Tomlin said there are a lot of people he has picked up tips from as far as his role as a leader, but the main ones were those who coached him along the way.

"I think back to the coaches and the attributes of the coaches I had when I played and the things I felt like I needed from them, that I appreciated that they provided," said Tomlin. "That has always been my compass. More than anything my coaching voice and the spirit in which I do it was developed from that perspective. It's not about me. It's not about us as coaches. It's about the development of the players, the maturation of the players, getting the very best out of the players. It's about providing them whatever they need."

Tomlin's leadership has been strong and steady from his arrival in Pittsburgh but got more attention this year as he kept things together for the team when they got off to an 0-3 start and finished the year with an 8-8 record.

"Coach Tomlin was the major role behind the turnaround," said Bud Dupree. "He kept us afloat the whole time, kept our head above water, even when we almost drown. There are so many words you can say about Coach Tomlin in this situation, making it happen the way he did."

The way he did, was with that same approach that he had from Day 1. Never blinking.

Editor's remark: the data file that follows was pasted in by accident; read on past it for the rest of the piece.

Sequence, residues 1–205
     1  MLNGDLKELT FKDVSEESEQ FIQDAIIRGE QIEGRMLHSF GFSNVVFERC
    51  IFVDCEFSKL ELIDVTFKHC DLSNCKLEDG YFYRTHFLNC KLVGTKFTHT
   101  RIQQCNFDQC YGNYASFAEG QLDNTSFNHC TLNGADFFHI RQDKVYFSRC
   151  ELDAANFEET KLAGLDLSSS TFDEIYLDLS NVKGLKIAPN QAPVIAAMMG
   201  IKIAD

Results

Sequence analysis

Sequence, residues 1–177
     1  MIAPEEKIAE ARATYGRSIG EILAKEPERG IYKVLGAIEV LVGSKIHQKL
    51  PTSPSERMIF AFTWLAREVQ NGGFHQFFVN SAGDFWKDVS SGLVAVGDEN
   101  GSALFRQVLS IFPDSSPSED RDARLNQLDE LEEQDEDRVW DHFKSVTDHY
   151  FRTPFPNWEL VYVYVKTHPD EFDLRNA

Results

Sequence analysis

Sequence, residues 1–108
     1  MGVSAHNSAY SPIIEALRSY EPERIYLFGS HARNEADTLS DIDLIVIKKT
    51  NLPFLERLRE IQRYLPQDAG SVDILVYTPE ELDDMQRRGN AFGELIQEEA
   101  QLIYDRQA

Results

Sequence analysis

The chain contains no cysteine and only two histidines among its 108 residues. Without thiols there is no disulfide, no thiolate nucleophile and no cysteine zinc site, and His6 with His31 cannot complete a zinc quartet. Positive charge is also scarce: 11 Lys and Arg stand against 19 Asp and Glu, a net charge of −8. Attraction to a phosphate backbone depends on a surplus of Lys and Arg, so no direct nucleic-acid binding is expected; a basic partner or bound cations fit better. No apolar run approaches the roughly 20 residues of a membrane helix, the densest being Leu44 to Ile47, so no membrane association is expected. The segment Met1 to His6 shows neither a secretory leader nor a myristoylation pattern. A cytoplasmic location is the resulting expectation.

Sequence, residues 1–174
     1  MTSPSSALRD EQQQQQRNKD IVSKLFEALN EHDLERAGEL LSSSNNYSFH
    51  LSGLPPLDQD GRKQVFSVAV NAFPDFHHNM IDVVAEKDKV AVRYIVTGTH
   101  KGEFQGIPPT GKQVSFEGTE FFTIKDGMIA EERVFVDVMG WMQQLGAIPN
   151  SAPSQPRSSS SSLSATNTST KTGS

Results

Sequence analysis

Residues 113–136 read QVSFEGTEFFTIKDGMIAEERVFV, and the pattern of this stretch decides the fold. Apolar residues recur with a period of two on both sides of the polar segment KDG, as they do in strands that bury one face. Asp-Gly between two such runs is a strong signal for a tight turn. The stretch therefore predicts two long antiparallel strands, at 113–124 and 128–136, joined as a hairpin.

"He was staying positive, holding everybody accountable, making sure everybody is doing the right thing," said Jaylen Samuels. "He was poised and staying positive."

Hillgrove is a fixture when it comes to Pittsburgh sports. He just completed his 26th season as the Steelers radio play-by-play commentator and has been calling games for the University of Pittsburgh since 1969 when he did only road games, and then 1970 when he became the full-time color commentator and then play-by-play announcer since 1974.

"The first year with the Steelers was 1994. I remember the first day at training camp as a 53-year old rookie. I blocked in Bill Cowher's car and I heard about it," said Hillgrove. "It's hard to believe it went this quickly.

"When they say the standard is the standard, it certainly is very high for the Pittsburgh Steelers."